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Pothole Formation


Potholes: voids into darkness

Calf Holes in Ribblesdale, a textbook example of a vertical pothole hollowed out of a major joint: with a series of horizontal cave passages leading off below to emerge at Browgill. Stephen Oldfield

Strictly speaking, a cave is a horizontal passage through limestone: formed where water penetrates a joint or bedding plane and slowly enlarges it over time.  The edge of a limestone escarpment exposed to overlying impermeable slopes is a textbook example of cave-forming terrain.  Potholes, on the other hand, are vertical shafts that may plunge suddenly and dramatically.  Around Ingleborough, many of the major underground systems are a mixture of the two: open shafts generally plunging to depth, where cave passages lead off, before typically dropping again to the level of the valley floor.  Meregill Hole and Juniper Gulf are typical examples.  The shafts may be active – carrying large streams – or they may be long since abandoned, many of them believed to have been formed by glacial meltwaters.

The quintessential Dales pothole: Hunt Pot on Pen-y-ghent, where a stream, issuing from the impermeable Yoredale slopes above, has hollowed out a major, fault-guided joint, dropping 61 metres into the Great Scar Limestone. Stephen Oldfield

Faulting plays an important part in pothole formation, and most of the larger shafts have developed around faults.  The wrenching and grinding alters the underlying rock strata, widening the joints and providing convenient places for the mildly acidic water to exploit.  The water may work its way downwards, eroding through many shale layers and beddings, until meeting more resistant rock – prompting it to take an easier option along joints and bedding planes to form connecting cave passages.  The great shafts may also be widened by collapse, where rock layers close to the line of the fault typically peel off and fall to the floor below. The Main Chamber of Gaping Gill is a fine example of this.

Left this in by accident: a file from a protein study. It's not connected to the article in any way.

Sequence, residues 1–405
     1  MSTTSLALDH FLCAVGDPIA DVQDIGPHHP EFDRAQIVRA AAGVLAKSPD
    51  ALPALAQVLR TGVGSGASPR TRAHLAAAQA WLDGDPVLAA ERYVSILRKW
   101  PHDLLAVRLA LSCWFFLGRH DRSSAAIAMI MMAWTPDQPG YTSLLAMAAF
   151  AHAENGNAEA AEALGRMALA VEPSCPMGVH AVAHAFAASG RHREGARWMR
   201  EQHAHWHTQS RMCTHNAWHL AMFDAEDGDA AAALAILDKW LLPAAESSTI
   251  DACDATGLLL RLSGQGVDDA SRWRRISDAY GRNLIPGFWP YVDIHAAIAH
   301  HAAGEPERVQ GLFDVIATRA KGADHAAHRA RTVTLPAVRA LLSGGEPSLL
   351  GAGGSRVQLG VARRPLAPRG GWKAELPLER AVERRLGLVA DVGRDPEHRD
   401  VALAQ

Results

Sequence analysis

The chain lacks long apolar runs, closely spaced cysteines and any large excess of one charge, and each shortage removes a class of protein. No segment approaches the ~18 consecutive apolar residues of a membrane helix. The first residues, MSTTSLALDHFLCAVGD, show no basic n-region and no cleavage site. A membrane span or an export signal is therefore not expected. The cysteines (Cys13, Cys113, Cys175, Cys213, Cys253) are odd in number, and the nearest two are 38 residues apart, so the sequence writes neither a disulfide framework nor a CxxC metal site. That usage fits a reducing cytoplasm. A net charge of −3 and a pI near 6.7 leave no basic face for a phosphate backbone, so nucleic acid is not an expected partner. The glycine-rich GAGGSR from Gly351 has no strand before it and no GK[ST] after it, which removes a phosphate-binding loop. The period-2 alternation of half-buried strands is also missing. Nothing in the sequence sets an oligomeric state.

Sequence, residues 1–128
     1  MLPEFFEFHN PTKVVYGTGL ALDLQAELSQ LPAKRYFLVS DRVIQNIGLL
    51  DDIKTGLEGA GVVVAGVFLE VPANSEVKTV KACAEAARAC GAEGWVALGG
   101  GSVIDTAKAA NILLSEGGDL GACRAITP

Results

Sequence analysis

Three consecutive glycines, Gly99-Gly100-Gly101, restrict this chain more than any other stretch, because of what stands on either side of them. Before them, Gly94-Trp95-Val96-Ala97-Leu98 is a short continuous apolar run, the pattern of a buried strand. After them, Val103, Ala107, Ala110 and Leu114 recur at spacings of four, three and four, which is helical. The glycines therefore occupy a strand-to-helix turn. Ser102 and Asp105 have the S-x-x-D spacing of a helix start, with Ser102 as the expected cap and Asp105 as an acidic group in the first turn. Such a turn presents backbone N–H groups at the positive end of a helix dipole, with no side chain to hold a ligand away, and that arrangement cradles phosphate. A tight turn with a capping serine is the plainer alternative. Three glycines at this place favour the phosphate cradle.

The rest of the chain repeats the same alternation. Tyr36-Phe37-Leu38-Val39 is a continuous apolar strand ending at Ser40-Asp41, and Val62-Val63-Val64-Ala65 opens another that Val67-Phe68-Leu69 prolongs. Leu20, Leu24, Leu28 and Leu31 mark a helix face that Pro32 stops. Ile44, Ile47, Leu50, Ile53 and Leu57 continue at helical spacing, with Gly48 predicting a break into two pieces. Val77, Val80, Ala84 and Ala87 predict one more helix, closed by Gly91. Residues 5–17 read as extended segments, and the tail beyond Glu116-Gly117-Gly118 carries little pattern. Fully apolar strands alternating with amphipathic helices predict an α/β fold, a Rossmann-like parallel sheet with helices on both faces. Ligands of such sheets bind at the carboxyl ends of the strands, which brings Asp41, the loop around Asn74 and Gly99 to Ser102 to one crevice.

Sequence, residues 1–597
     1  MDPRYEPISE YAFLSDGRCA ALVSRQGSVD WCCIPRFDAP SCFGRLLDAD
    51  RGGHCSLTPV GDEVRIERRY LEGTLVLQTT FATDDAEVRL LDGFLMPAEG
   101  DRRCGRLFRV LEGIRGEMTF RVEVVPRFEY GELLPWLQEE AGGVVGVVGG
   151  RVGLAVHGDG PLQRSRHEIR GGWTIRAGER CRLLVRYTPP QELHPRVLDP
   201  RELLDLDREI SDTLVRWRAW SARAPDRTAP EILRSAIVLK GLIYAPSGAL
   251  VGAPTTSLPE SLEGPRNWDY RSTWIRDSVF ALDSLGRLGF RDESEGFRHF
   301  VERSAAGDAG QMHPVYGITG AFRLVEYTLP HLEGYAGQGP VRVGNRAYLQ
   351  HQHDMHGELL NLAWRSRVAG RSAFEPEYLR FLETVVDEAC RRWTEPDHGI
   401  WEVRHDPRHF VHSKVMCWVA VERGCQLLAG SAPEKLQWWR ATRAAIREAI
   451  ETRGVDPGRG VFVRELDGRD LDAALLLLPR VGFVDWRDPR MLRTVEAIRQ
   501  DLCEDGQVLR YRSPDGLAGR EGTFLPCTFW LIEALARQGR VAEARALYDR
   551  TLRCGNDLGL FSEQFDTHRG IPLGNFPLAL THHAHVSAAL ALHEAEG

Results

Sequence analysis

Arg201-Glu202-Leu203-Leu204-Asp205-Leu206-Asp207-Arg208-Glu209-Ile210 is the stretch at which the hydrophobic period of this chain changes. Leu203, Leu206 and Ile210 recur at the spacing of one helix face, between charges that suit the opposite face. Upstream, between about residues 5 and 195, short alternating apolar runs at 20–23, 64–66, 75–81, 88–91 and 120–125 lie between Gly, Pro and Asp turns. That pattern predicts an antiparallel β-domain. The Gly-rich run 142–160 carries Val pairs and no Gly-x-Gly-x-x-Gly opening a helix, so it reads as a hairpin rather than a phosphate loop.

Typical Dales potholes from the Ingleborough and surrounding region: Marble Steps Pot to the west of Kingsdale. Stephen Oldfield
Rowten Pot with Ingleborough behind. Stephen Oldfield
Gaping Gill, which swallows Fell Beck into the largest chamber in Britain. Stephen Oldfield

Often, potholes around Ingleborough are associated with dolines.  They may form beneath soil cover (inside the typical shakeholes) causing material to sink into the fissure beneath – or they may be seen inside collapse dolines such as at Bar Pot.  Many of the entrances are in youthful states and are very narrow and constricted, while others, such as Alum Pot are massively developed and of great age.

Inside the vast Main Chamber of Gaping Gill, formed on a fault which has wrenched the strata of the sloping southern wall slightly higher than the opposing flank – and which has enlarged by rock fall from the ceiling. Brendan Marris with permission

The clusters of potholes surrounding Ingleborough are all associated with one or more major resurgences where they meet the basement rocks beneath.  Those of the Allotment emerge at Austwick Beck Head in Crummackdale, while the Newby Moss Holes reach either Moses Well (Clapdale) or Clapham Beck Head; sometimes both.  The latter is the resurgence for the entire Gaping Gill system.  Most of the classic Chapel-le-Dale holes resurge at God’s Bridge, on the valley floor, before forming the River Doe on its way through Ingleton.  Alum Pot has a complicated drainage that passes under the Ribble to emerge at the mysterious pool of Turn Dub, before being channelled back into the main river for its journey to the sea.


Waltham, A.C. and Sweeting, M. M. (Eds) (1974) The Limestones and Caves of North-West England (David and Charles)